Is this the year Insolvency returns to normal (Part 2)?

As the year 2023 draws to a close, Associate Principal Caroline Callegari provides an update on insolvency - has it returned to normal? This latest article provides some answers.


At start of the year my colleague posited a question to everyone - Would this be the year insolvency returns to normal?

Now that we are almost at the end of the 2023 – the answer to that question now seems to be yes and no.

YES, in terms of the fact that as the year goes on, and all the COVID concessions and rental deferrals are catching up with business owners and tenants, we are finding more and more companies going into Administration or Liquidation.

And NO, in the sense that there have been several significant cases decided by the High Court at the start of the year (see our previous articles) and liquidators seem to be relying on them to go after more and more creditors to seek to get more money back into the liquidation.

Let me explain.  

The statistics

In terms of the numbers (and note we are talking about all types of appointments – Court appointments, voluntary liquidation, administration and DOCAS, controller appointments (by a creditor), and restructurings), in the 2020 financial year there were 10,031 appointments; and in the 2023 financial year there were- 10,377 appointments.  As you can see these numbers are similar and have jumped back up compared to the drops to 6274 and 6477 in the FY21 and FY 22 years).  See below table for the statistics from ASIC:

Australian insolvency statistics (Released 9 October 2023)

Note: Blue shading indicates figures are provisional, refer to INFORMATION SHEET 80: How to interpret ASIC insolvency statistics. Published to the most recently completed month

© Australian Securities &  Investments Commission

Table 2: All appointments over a company including the first, subsequent and transitional appointments–Summary, MONTHLY

General Trends

In our practice, we are seeing liquidators targeting creditors who were paid in the six months prior to liquidation. Those creditors being asked to pay back significant sums of money as an unfair preference payment.  

In addition, we have observed liquidators increasingly putting the onus on the creditor to establish a defence to the claim, rather than exploring and setting out why the payment is a preference payment.

This is despite the fact that, in the Badenoch [1] case, the High Court did away with the peak indebtedness rule (which had been used by liquidators to bolster the amount of the unfair preference clawed back) and clarified how the “running account” or “continuing business defence” is to apply.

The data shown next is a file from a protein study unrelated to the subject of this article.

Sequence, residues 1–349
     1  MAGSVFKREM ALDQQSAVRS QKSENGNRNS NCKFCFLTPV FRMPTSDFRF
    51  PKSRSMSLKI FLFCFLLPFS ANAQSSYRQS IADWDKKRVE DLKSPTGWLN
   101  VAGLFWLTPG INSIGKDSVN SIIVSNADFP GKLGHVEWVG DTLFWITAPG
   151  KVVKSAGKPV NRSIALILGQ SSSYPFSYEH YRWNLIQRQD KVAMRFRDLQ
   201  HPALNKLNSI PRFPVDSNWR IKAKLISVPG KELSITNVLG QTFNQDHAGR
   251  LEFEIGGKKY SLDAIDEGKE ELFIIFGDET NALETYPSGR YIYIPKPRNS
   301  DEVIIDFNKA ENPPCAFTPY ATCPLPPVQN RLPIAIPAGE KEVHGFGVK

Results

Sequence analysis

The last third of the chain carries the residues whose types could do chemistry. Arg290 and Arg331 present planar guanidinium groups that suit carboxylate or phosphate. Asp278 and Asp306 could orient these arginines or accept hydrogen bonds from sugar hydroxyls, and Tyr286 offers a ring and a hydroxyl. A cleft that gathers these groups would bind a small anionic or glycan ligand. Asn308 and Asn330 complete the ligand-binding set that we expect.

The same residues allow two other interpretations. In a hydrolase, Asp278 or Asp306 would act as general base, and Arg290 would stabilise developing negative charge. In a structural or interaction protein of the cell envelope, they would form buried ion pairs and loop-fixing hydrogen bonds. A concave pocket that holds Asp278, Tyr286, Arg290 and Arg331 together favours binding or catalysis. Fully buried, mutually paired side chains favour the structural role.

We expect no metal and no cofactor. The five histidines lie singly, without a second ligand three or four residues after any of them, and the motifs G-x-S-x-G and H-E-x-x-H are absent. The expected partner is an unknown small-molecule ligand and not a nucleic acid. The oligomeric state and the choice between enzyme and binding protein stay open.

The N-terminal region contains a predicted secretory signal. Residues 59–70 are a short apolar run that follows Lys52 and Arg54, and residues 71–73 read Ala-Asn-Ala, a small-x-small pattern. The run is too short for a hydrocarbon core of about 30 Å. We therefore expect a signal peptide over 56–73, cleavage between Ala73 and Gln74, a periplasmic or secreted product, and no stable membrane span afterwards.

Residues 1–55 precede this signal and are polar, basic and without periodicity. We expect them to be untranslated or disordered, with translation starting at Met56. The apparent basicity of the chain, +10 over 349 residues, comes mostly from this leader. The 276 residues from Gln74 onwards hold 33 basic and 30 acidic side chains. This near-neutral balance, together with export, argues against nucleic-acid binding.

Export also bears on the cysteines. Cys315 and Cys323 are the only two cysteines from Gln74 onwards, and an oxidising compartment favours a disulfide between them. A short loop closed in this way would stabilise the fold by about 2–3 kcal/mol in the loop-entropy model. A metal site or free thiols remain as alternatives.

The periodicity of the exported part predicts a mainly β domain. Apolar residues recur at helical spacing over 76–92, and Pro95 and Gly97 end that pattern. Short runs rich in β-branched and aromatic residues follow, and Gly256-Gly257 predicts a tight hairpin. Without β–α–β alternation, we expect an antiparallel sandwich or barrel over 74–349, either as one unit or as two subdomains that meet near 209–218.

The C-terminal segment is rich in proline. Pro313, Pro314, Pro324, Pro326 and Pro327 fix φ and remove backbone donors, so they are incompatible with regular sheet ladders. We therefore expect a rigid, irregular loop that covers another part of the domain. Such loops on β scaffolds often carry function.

An unfair preference claim by a liquidator can seem unfair, especially if creditor still has a lot owing to it in the liquidation and taking into account that the “set-off” defence no longer applies (as stated in the Metal Manufacturers case).[2]

If you receive a claim from a liquidator, all is not lost - as there are still defences available. These include:

  • services or goods for the running of the business throughout and payments to you always go up and down – what you do need to establish here is that the situation remains as per usual, and payments were for what was provided;
  • the “good faith” defence – that the party acted in good faith and had no reasonable grounds to suspect the company was insolvent: s 588FG(2) of the Act; and
  • the doctrine of ultimate effect.

How Sharrock Pitman Legal can help?

Accordingly, if you receive a demand for repayment of an unfair preference - don't sit on it. Contact a member of our Disputes & Litigation team who can explore whether you have a defence. If so, we can prepare an appropriate response to the liquidator to dissuade them from pursuing legal proceedings against you to recover the money.

Finally, be wary, but not alarmed. Yes, things seem to be returning to normal, but that is not necessarily bad news – but rather a sign of the times. Remember, if you find your business in trouble, or subject to a demand, or you just want to think ahead and take steps to protect yourself from bad creditors, please do not hesitate to contact us on 1300 205 506 or via email at We're on your side.


[1] Bryant v Badenoch Integrated Logging Pty Ltd [2023] HCA 2

[2] Metal Manufactures Pty Limited v Morton [2023] HCA 1

The information contained in this article is intended to be of a general nature only and should not be relied upon as legal advice. Any legal matters should be discussed specifically with one of our lawyers.

Liability limited by a scheme approved under Professional Standards Legislation.

For further information contact  
Caroline Callegari

Caroline Callegari is an Associate Principal and leads our Disputes & Litigation team. She has an advisory and advocacy practice in the following areas: Commercial Litigation, corporate and personal disputes, debt recovery and, insolvency and bankruptcy matters. Caroline can be contacted on (03) 8561 3324 or by emailing


For fifty years Sharrock Pitman Legal has made a significant and long term contribution to meeting the legal needs of business owners and residents in the City of Monash and greater Melbourne area.

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